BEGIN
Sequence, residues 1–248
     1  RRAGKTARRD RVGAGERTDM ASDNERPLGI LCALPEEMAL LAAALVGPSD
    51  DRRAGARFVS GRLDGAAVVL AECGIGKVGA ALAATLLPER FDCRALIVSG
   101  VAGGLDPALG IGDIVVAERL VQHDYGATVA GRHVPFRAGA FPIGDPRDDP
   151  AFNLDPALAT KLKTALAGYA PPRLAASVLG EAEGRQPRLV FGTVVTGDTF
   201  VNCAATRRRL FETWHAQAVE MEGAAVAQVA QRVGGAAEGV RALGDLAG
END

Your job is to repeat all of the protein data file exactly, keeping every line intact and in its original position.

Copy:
Sequence, residues 1–248
     1  RRAGKTARRD RVGAGERTDM ASDNERPLGI LCALPEEMAL LAAALVGPSD
    51  DRRAGARFVS GRLDGAAVVL AECGIGKVGA ALAATLLPER FDCRALIVSG
   101  VAGGLDPALG IGDIVVAERL VQHDYGATVA GRHVPFRAGA FPIGDPRDDP
   151  AFNLDPALAT KLKTALAGYA PPRLAASVLG EAEGRQPRLV FGTVVTGDTF
   201  VNCAATRRRL FETWHAQAVE MEGAAVAQVA QRVGGAAEGV RALGDLAG